THE CHALLENGE: Pick 1 thing a day, 5 days a week, to chuck*. Do this consistently for 52 weeks.
*Chuck: 1) To gift, thrift, donate, sell, repurpose, recycle or, as a last resort, toss. 2) To clear your house, office or space of things you no longer use, like, need, want or wear.
THE REWARD: Your space will be cleared of, at a minimum, 260 things.
Why do it?
- It’s fun.
- It gets more challenging as time goes by. At the beginning, with so many low-hanging choices everywhere, you’ll have to pace yourself.
- Most people have too much stuff; this helps with that.
- You get to be generous. That cashmere sweater, unused lamp or drill you’re done with? Give it to someone who will adore it.
- It starts turning your mind toward disposing of stuff rather than acquiring it.
- Your kids–or the folks who have to deal with your stuff when you die—will be grateful.
The foundational rule is simple: 1 thing a day, 5 days a week, 52 weeks a year.
The Challenge is to get rid of 260 things and do it over 12-months. It’s about both things.
Not sure where to start? Look in the back corners of closets, your garage or attic; scrounge through drawers and medicine cabinets; assess kitchen gadgets with a questioning eye; do the same thing with tools, toys and trinkets. You’ll find unused, unloved things tucked everywhere.
Having a tough day picking something? Count a single dried-up pen as your Chuck*-It Choice. Feeling bountiful? A bag of clothes becomes one item. The key is to make it fun, avoid stress and get in the habit of getting rid of stuff.
It’s about slowly, consistently, methodically clearing your clutter. It’s about deliberate mindfulness; about small actions, repeated over and over.
Maybe you’ll find 10 things you want to chuck* in a single day. Go for it. Just know you’ll still have to select something the next day and the day after. Those extra 9-things simply means that, at the end of 12 months, you’ll have gotten rid of more than 260 things. Congratulations!
But because the Challenge is to pick 1 thing a day, 5 days a week, for 52 weeks, those extra things won’t get you there any faster.
If you tend to acquire lots of things, consider the foundational-rule bonus add-on! Whenever something new comes into the house—a gift, a curbside find, something you bought—an equal number of things has to go out. One in? One out. Ten in? Ten out.
Not sure how to execute? Start by dedicating two boxes to the Challenge.
Box 1 is a Chuck*-It Challenge Inventory Box, where you put things found during daily living you think you’re ready to part with. Add things when you find them. If you doubt a decision, take it out for another day. Find something too big for the box? Write the name and location on a slip of paper, and drop that in the box.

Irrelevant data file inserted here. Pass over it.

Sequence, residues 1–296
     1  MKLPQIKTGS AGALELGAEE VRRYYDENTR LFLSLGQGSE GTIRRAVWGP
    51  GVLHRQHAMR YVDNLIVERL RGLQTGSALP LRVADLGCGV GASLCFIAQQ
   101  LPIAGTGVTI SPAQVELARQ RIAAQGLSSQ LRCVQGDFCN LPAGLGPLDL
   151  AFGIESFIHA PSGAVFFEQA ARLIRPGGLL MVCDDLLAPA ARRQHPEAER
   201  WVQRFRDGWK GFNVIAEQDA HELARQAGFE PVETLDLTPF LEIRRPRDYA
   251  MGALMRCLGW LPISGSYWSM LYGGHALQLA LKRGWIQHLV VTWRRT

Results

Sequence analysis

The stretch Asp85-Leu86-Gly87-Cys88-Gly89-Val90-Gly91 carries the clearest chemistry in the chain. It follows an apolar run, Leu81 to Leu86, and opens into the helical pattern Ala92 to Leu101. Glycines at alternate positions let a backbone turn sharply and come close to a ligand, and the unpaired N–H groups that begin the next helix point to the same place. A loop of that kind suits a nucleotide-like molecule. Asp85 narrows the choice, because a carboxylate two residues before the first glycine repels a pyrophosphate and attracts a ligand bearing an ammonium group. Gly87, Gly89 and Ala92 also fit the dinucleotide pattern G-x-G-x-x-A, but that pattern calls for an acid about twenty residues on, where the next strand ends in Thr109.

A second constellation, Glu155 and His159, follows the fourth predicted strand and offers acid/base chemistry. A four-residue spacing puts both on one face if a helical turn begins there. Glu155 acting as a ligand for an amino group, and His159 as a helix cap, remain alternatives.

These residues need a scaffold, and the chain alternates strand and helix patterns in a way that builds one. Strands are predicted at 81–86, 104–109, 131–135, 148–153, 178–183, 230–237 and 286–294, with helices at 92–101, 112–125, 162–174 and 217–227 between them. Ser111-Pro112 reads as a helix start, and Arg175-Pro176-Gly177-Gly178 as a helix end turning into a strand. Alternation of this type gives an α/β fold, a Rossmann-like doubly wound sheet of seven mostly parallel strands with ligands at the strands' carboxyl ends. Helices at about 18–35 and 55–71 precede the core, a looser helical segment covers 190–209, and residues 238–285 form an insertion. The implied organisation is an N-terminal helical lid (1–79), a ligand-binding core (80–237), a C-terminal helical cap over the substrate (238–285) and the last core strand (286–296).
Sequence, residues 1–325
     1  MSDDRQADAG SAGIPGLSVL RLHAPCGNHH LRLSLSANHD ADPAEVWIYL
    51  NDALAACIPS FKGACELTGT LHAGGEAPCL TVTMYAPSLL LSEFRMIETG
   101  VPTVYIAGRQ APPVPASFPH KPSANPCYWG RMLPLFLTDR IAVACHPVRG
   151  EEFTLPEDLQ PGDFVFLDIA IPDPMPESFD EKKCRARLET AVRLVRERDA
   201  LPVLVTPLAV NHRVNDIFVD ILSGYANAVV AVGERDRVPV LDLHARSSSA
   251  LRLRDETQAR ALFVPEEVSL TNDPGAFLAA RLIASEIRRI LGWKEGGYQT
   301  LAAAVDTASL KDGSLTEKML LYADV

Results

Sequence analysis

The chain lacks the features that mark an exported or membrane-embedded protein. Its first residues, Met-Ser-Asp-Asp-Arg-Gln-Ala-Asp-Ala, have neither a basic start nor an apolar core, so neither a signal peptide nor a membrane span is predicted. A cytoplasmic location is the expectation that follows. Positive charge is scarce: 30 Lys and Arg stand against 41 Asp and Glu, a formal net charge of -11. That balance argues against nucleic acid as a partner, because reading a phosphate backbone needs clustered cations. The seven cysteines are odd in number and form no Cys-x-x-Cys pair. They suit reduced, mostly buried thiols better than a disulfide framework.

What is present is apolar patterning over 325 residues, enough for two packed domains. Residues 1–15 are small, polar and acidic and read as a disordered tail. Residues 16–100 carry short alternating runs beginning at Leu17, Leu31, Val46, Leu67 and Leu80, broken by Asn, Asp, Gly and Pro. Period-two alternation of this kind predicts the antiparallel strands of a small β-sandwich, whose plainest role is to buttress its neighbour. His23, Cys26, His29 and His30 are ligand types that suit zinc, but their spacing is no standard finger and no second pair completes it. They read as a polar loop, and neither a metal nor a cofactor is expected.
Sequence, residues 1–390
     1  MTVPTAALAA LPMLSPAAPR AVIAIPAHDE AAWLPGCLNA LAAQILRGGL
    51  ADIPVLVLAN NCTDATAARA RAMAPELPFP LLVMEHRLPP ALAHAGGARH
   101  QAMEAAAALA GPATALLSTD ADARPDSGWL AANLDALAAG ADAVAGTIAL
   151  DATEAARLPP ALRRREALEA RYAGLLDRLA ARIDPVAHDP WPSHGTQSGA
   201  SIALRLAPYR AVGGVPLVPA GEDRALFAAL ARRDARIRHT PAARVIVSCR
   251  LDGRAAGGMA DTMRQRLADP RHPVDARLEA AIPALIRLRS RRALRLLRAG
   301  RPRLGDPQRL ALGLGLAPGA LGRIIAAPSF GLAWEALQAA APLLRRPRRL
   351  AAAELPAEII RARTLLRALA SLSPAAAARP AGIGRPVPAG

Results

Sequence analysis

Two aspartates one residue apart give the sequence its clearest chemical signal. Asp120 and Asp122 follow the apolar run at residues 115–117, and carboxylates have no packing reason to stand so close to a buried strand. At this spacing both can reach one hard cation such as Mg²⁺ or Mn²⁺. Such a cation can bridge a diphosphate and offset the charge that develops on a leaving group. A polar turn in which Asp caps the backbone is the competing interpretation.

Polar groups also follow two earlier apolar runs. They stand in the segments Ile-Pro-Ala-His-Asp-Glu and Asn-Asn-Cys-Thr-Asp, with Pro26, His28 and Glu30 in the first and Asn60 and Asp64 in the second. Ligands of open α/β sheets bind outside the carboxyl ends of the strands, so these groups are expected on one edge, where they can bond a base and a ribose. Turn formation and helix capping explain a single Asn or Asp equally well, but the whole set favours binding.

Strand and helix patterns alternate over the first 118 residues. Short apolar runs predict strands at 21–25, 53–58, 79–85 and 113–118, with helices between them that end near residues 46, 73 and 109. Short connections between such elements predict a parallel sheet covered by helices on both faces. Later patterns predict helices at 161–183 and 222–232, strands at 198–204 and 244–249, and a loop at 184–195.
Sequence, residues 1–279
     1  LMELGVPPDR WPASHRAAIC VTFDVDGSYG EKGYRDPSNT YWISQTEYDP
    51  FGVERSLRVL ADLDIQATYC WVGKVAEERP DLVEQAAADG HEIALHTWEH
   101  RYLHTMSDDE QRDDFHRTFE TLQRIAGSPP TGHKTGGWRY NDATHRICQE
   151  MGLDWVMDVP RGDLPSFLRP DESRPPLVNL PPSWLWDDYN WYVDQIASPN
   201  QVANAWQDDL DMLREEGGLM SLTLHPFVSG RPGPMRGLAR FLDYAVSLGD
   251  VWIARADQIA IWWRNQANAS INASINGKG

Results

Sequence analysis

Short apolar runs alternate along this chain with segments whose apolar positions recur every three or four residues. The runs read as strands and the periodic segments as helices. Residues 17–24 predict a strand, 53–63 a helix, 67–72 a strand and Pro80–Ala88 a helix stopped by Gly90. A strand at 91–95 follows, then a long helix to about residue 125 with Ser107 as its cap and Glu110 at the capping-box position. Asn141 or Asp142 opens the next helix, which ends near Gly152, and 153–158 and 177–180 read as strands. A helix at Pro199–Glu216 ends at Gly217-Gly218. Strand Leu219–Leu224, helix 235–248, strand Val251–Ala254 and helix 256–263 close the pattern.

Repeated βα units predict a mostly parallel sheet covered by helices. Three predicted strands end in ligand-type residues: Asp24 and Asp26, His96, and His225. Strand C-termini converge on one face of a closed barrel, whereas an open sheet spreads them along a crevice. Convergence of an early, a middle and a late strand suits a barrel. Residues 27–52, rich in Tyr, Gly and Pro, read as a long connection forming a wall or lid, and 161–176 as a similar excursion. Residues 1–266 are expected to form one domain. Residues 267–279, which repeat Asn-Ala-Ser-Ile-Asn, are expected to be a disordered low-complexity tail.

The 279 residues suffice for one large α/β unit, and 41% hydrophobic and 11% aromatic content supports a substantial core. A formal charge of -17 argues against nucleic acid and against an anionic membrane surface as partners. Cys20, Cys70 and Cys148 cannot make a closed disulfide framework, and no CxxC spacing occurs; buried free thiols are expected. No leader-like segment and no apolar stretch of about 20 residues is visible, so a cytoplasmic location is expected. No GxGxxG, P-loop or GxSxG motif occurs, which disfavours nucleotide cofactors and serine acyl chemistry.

If a day rolls around when you can’t easily find something for the Challenge, pick something from Box 1 and move it to Box 2.
Box 2 holds things intentionally chosen for the daily Chuck*-It Challenge.
When it’s time to get rid of stuff in Box 2, some things will go to the local thrift store. Others will be offered to friends, given away or recycled. Some, like toxics, will require special disposal. And a few items will end up in the trash, because you probably have at least one broken-down thing hanging around.
Make the Challenge your own. Don’t worry about the details. The basic rule is 1 thing a day, 5 days a week, over 52 weeks. That’s all you really need to remember.
If you start today and follow just that rule, then 12-months from now, your house will be 260 objects lighter.
Photo source: Tama66 on Pixabay
4 thoughts on “The Chuck*-It Challenge”
Great post! soooo well written…..giving us lots to consider!
LikeLiked by 1 person
Always nice to see you here. Thanks for the comment.
I did start doing this at one point, but drifted. I keep a donation drawer going at all times. But time to start being intentional again. And believe me, my home is relatively uncluttered compared to most I’ve been in – and there is still too much stuff!
LikeLiked by 1 person
We are (mostly) a nation of too much stuff. With a couple of aging generations facing similar challenges of what to do with it all. Keeping a donation drawer or box is a great habit.
I’ve also taken to giving things away via a local Facebook Buy Nothing group. Very local and it’s great to know someone is reallyl excited about getting something I’m done with!
Thanks for your comment!
LikeLiked by 1 person